What better way to kick off 2007 than with something free? Especially when the free product you're getting is a collaboration between BK MC Talib Kweli and underground beat champion Madlib. Yes that's right; you have no excuse not to listen to Liberation (that is unless you really don't like both artists) it's free. It's not a mixtape, and it hasn't got drops all over it. Rather, it's a nine-song offering from two of the most acclaimed artists in their respective crafts, and while giving fans a free album, some would easily forgive both men if it wasn't exactly their best work we get both sides of the coin on this one.
I recently saw an interview with Kweli on the release of Liberation, where he stated that from an artistic business decision, giving fans a free album was a good look after all, he has his 3rd solo album Eardrum slated for a January release and he wanted fans to buy that album. In the meantime however, he was deciding to give us this gift for nothing. While I'm not entirely sure what Talib's precise thinking was behind the move (let's face it, free or not, the album would have been downloaded hundreds of times, and the same can be said for Eardrum unfortunately), what it certainly does do is increase the already mile-high respect for the emcee. He clearly could have made a bit of extra cash off this release, and the fans are going to realize this. So from that point, it's greatly appreciated.
Liberation is a confusing album. "The Show" opens Liberation with a dusty but soulful vocal sample complete with record crackles and pops, and if you're a Madlib fan, it's something you will be instantly at home with. Talib jumps straight out the gate with triumphant strings, "The Show" acting as confident but playful introduction for the talented duo. "Funny Money" makes use of a sporadic flute sample, and another nice vocal sample for the hook, but finds Talib using a rather boring flow as he speaks on shady promoters in the first verse, then switches up and attempts to incorporate loose references to cash over plugs for his new record label and crew of MC's it's definitely off topic, and Talib is annoyingly off-beat for much of it. Madlib hits us with some of his trademark rugged thump on "The Function" featuring Strong Arm Steady, and while it serves its purpose quite well, it is nothing spectacular, partly because of the terrible hook. "Over the Counter" is a high point however, with that pounding electronic synth and dirty atmosphere that Madlib and brother Oh No are widely recognized for truly coming to the fore Talib does a good job on the mic to back it up, dropping that Reflection Eternal knowledge:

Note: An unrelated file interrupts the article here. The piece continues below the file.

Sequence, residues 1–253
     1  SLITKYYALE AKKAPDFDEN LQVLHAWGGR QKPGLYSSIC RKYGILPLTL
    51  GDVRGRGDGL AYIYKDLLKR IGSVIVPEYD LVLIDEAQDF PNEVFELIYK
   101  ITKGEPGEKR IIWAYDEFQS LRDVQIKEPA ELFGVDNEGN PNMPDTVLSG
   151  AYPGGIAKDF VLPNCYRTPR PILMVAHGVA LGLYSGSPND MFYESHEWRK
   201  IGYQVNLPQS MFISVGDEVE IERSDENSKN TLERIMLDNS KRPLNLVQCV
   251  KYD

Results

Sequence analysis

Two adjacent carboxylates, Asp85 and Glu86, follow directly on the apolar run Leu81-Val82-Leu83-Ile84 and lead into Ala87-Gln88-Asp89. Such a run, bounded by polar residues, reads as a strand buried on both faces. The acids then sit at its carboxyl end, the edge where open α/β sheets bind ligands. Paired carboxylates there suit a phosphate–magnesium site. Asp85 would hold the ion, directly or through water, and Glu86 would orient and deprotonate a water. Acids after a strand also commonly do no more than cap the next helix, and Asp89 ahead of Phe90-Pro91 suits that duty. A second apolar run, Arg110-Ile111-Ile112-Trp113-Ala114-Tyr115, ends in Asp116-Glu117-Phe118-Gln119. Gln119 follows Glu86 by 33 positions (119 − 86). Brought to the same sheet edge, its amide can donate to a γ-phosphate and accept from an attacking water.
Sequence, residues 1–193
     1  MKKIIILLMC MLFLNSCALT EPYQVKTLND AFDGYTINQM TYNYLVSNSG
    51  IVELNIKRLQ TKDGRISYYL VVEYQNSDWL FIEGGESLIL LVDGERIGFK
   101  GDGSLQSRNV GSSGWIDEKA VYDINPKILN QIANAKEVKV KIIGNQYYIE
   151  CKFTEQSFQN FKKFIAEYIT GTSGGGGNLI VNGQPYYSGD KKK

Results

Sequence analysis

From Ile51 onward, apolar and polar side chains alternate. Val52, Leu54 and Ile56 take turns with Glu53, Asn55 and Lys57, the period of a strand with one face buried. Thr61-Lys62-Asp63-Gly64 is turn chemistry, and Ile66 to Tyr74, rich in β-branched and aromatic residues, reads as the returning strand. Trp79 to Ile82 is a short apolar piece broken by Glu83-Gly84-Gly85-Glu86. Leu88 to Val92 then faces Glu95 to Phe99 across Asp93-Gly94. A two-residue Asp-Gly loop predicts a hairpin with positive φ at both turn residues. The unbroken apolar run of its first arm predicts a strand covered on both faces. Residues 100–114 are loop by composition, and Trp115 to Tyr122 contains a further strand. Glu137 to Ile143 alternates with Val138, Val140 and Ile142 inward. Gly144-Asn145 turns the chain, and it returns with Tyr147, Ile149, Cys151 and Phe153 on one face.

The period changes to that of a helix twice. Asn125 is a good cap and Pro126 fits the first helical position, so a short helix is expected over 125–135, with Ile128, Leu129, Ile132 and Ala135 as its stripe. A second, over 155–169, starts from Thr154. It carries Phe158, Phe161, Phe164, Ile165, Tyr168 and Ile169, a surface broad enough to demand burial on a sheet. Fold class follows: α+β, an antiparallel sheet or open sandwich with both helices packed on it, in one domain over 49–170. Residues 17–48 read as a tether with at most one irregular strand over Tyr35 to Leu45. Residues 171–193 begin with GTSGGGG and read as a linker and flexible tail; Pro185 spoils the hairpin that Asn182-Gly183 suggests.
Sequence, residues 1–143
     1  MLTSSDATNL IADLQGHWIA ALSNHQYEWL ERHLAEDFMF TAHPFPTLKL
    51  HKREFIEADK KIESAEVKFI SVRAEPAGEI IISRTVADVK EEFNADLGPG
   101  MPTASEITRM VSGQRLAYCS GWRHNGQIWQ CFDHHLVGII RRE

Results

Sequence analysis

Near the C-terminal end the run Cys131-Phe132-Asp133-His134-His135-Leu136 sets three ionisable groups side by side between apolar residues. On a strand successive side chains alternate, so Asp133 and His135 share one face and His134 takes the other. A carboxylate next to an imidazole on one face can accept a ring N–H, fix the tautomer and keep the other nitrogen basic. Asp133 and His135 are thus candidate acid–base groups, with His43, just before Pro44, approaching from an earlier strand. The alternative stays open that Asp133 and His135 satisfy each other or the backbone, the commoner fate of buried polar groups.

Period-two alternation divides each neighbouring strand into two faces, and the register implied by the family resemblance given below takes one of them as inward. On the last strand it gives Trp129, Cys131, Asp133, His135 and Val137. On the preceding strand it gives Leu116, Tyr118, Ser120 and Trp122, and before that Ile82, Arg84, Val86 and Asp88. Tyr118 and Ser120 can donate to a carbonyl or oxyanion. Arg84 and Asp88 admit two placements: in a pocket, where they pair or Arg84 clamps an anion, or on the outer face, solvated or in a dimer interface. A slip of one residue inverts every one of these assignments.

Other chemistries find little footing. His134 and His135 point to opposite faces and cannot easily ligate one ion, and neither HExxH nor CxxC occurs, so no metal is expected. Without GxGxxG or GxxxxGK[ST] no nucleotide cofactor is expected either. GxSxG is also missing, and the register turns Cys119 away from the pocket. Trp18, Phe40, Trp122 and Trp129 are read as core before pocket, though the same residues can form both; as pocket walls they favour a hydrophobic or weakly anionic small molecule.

This the Liberation rhyming is my occupation/
Occupation of a nation stop the population from creating self-esteem/
Plus a stream of consciousness/
When I got to intervene I help to free the populous
And the listener is subjected to this hit and miss approach throughout the album. Maybe because the album is quite short, it seems to never fully gel. But the length of the album intensifies the importance of its ability hold the listener's attention, and I'm afraid that it falls considerably short in this department. There are moments of really great stuff album closer "What Can I Do" being one, where rapper and producer live up to the potential, producing an anthemic track where Talib shows his true lyrical ability, and "Engine Runnin" a hypnotic military inspired, dark track on which Consequence crops up on. However these moments are too few and far between.
A free album is certainly a rarity these days in the era of 'grindin' and a concerted effort to make money out of everything possible, and perhaps that is the most positive thing that can come out of this release. While the music is not the best on offer, the meaning behind it is, and hopefully Liberation inspires a few more artists to throw their business mindset out the window and experiment in working with new artists, and more importantly, giving good music to the fans.